Apple has filed its response to the DOJ Complaint in the e-books case. Here is the first paragraph of the Answer:
The Government’s Complaint against Apple is fundamentally flawed as a matter of fact and law. Apple has not “conspired” with anyone, was not aware of any alleged “conspiracy” by others, and never “fixed prices.” Apple individually negotiated bilateral agreements with book publishers that allowed it to enter and compete in a new market segment – eBooks. The iBookstore offered its customers a new outstanding, innovative eBook reading experience, an expansion of categories and titles of eBooks, and competitive prices.
And the last paragraph of the Answer’s introduction:
The Supreme Court has made clear that the antitrust laws are not a vehicle for Government intervention in the economy to impose its view of the “best” competitive outcome, or the “optimal” means of competition, but rather to address anticompetitive conduct. Apple’s entry into eBook distribution is classic procompetitive conduct, and for Apple to be subject to hindsight legal attack for a business strategy well-recognized as perfectly proper sends the wrong message to the market, and will discourage competitive entry and innovation and harm consumers.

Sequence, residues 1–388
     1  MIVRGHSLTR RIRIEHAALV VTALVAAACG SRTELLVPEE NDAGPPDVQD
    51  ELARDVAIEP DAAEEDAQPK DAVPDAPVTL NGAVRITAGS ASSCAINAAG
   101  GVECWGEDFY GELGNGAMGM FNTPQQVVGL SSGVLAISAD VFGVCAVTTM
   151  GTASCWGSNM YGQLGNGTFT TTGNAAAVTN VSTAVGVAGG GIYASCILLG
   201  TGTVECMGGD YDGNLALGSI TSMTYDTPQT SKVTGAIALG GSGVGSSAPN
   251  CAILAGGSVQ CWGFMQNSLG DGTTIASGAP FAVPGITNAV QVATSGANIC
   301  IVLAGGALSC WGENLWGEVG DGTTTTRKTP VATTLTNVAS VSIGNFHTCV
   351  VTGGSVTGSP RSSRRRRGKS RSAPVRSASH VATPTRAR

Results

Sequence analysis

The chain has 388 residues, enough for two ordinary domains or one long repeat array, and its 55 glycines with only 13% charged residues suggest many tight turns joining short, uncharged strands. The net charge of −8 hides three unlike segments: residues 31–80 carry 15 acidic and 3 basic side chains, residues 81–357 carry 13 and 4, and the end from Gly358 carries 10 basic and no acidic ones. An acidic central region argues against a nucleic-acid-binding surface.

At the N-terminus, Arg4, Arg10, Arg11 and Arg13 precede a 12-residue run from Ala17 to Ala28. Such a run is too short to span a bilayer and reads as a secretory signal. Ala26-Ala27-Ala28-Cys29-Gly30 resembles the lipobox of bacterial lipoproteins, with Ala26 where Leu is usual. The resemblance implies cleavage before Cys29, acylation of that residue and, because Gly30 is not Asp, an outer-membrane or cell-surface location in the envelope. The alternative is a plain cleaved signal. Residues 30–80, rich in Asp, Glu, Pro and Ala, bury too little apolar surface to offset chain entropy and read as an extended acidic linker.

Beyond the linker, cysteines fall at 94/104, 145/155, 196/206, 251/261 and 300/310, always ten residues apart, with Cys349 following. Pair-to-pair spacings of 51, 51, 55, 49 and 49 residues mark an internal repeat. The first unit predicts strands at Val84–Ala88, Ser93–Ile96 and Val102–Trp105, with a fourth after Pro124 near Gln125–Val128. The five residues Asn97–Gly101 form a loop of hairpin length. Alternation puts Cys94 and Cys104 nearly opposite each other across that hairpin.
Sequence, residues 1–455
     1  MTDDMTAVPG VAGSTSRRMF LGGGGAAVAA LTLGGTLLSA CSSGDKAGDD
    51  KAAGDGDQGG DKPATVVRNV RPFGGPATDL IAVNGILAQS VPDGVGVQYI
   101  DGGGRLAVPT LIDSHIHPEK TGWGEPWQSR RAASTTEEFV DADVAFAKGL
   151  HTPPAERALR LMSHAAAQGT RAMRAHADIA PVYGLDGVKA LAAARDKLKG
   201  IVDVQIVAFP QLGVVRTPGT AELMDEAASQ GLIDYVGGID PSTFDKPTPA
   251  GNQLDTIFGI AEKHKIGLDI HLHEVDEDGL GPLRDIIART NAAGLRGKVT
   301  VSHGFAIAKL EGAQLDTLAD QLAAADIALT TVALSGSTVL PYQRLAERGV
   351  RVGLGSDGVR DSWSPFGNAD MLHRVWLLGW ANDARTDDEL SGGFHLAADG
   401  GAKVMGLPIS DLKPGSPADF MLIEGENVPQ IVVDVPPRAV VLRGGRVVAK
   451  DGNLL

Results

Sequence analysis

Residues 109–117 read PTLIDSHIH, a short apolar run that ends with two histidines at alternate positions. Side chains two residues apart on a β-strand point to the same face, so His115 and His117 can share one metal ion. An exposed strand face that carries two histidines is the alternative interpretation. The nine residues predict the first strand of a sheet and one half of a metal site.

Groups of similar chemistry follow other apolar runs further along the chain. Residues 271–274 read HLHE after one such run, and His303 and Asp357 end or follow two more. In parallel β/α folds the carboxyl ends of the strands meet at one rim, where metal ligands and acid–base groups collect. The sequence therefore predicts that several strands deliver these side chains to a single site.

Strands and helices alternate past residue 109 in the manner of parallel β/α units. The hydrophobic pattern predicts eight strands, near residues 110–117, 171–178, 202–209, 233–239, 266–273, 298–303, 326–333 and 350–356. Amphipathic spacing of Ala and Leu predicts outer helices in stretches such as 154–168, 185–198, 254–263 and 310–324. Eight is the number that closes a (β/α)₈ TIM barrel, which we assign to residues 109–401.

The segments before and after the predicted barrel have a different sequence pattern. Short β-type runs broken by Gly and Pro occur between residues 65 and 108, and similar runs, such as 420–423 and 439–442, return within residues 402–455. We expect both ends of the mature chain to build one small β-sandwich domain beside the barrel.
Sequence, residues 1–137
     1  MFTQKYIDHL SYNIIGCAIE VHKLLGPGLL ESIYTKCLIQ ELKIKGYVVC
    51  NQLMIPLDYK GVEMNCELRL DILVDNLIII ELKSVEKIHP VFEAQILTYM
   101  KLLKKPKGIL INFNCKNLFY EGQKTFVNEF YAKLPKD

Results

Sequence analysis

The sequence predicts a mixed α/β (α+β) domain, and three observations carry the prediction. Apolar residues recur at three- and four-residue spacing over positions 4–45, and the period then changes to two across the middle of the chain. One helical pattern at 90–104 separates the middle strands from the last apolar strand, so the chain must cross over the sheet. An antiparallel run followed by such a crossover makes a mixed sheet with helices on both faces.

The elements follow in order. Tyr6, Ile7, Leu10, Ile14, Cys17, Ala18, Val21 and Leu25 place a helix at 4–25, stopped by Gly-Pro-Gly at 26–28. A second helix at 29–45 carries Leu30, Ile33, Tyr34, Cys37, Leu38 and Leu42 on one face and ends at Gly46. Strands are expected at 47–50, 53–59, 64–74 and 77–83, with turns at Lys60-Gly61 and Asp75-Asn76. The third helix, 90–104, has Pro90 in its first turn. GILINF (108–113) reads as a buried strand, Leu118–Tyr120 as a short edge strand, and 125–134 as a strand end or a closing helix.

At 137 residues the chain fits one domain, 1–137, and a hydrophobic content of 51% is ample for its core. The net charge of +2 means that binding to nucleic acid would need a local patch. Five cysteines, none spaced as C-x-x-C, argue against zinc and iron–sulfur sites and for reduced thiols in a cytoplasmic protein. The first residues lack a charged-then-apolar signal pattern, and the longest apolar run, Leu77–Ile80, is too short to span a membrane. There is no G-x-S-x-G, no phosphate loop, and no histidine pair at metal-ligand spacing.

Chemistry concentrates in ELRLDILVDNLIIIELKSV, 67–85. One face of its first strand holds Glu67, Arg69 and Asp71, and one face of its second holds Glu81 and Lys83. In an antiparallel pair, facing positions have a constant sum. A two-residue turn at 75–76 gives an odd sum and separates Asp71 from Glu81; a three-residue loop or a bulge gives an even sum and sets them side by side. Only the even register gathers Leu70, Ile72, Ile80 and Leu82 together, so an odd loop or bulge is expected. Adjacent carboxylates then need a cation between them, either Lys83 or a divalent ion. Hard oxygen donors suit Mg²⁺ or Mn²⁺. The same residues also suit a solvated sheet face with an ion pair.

A theme that runs throughout the Answer is that the “pre-Apple” world of e-books was characterized by little or no competition and that the agency agreements were necessary for its entry, which in turn has resulted in a dramatic increase in output. The Answer is available here. While commentary has focused primarily upon the important question of the competitive effects of the move to the agency model, including Geoff’s post here, my hunch is that if the case is litigated its legacy will be as an “agreement” case rather than what it contributes to rule of reason analysis. In other words, if Apple gets to the rule of reason, the DOJ (like most plaintiffs in rule of reason cases) are likely to lose — especially in light of at least preliminary evidence of dramatic increases in output. The critical question — I suspect — will be about proof of an actual naked price fixing agreement among publishers and Apple, and as a legal matter, what evidence is sufficient to establish that agreement for the purposes of Section 1 of the Sherman Act. The Complaint sets forth the evidence the DOJ purports to have on this score. But my hunch — and it is no more than that — is that this portion of the case will prove more important than any battle between economic experts on the relevant competitive effects.